Project ACTIVATE and the ACT Vet app

Supporting Veterans with gambling related harm

Gambling in military or veteran populations, compared to other research areas, has had less exploration. However, the available evidence does tell us there is a range of interventions or treatments that could be used to support veterans with gambling difficulties. There is no one-size-fits-all approach to any sort of mental health or addiction difficulty, but one therapy that is gaining traction in the military-veteran space is Acceptance and Commitment Therapy – or ACT as we call it.

ACT has been used by the US Veteran Affairs Department (VA) since approximately 2015. It is suggested that ACT has produced promising outcomes because it is what we call a ‘transdiagnostic’ tool, meaning it can address more than one difficulty at once. ACT could be used to support those with complex needs. Also, the veteran community seem to resonate with many of ACT’s concepts.

ACT derives from mindfulness, and mindfulness is focused on the idea that it helps people if they bring their attention to the present moment rather than worrying about the past (which we can’t change) or the future (which has not happened yet). ACT is used to create a process called ‘psychological flexibility’, whereby a person develops their ability to be flexible in how they respond to things. Having greater psychological flexibility is linked to a sense of control over one’s actions, and not feeling that they are purely on autopilot because they were triggered by something.

ACT has two main components:

Accept what has happened; we can’t change the past as we don’t have a time machine. Don’t try to think your way around something or challenge it, just practice accepting it. This means accepting that life has ups and downs, good times and bad, positive and negative, and we make space for all of it. We just allow it to exist. So in the context of gambling, people accept they have a gambling difficulty, they are unlikely to gamble in a moderated way, and their gambling could be linked to other things.
A person chooses what to commit to. They decide what they value. They reflect on what the best version of life looks like and head in that direction. Their values become like a compass or an arrow they fire at a target. They commit to working in line with the values they choose. So in the context of gambling a person may value family time, and commit to spending time with loved ones, instead of spending time gambling.

In 2022 the research team conducted an in-depth review of published literature on the usefulness of ACT, or mindfulness-based approaches, for veterans with gambling and/or PTSD. While fewer published studies had used ACT/mindfulness compared to other alternatives, the results were positive.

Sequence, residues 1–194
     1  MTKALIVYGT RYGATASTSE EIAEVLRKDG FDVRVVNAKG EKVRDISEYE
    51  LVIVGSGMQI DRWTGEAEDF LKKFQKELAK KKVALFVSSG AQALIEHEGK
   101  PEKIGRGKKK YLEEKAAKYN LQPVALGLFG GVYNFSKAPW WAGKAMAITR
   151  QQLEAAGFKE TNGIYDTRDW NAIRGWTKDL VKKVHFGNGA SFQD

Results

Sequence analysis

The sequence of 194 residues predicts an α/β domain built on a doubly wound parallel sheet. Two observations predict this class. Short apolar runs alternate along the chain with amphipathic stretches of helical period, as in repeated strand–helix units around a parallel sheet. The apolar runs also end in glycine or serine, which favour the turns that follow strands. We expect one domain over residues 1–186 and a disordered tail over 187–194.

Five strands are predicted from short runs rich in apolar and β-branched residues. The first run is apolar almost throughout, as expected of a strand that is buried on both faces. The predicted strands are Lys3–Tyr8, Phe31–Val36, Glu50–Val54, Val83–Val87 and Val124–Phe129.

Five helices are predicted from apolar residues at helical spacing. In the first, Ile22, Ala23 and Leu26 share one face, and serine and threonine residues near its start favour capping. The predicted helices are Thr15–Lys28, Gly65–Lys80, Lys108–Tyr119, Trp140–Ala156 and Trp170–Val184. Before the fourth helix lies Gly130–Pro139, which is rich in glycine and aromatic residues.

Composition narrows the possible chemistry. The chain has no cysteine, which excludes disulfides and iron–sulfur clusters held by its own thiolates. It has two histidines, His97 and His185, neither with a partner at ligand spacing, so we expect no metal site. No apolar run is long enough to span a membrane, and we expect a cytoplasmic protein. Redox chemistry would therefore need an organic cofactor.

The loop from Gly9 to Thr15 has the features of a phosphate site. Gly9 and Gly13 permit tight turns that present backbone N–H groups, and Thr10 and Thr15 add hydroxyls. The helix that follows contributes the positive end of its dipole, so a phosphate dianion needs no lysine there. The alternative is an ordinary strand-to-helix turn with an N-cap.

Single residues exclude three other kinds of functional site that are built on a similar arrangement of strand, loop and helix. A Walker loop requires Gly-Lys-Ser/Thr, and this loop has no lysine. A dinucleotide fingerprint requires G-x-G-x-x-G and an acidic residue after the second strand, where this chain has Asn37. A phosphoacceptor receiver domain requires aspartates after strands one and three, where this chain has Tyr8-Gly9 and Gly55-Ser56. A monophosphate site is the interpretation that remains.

The studies suggested:

ACT was linked to reduced instances of gambling

ACT was linked to improvements in the management of gambling cravings

ACT was linked to reduced PTSD severity scores

ACT was linked to improvements in emotional regulation scores

Within the review, if ACT had been compared with any other intervention ACT was reported as outperforming the other comparators. There was one exception; the oldest study suggested that ACT was successful in improving PTSD scores but it did not outperform its comparator intervention. Within the review, the mode of delivering ACT seemed to have no bearing on its success. In other words, it didn’t seem to matter if ACT was delivered face-to-face, by telephone, in a group, one-to-one, or through an app.

For the ACT Vet study, the research team extracted information from the literature review and findings taken from our focus group discussions, to develop an app-based intervention.

The ACT Vet intervention:

Is self-directed – each app user works through it without external support

Is manualised – the intervention has been created as a series of steps, designed to provide structure and flow. Each step has a theme, which should be clear from the contents of that step

Is 12 weeks in total

Contains data collection points, so we can assess whether it works or not

Includes a financial incentive of a £75 voucher, for the first 150 to complete the 12 weeks including the data collection points*

*Those eligible to receive the voucher will be:

a) Those who experience gambling harm and/or experience PTSD symptoms as determined by the assessment scores collected during a brief pre-screen.

b) App users who complete all five data collection points across 12 weeks.

The intervention received full ethical approval from the School of Psychology Ethics Board, Swansea University. ACT Vet also has the full support of King’s College, London and Combat Stress (the UK’s leading mental health charity).

We are currently looking for app testers to assess whether it works, as we aim to launch soon.

As per the standard university policy, all data will be saved to a secure server for 10 years. However, all data is anonymous. The two reasons we ask for an email address are to be able to send out the £75 voucher and to ascertain whether anyone is interested in participating in future similar research. Email addresses are only kept for these purposes, as per legislation linked to GDPR.

Further information about the study, and what is required of app testers, can be found here in the Participant Information Sheet and Consent Form.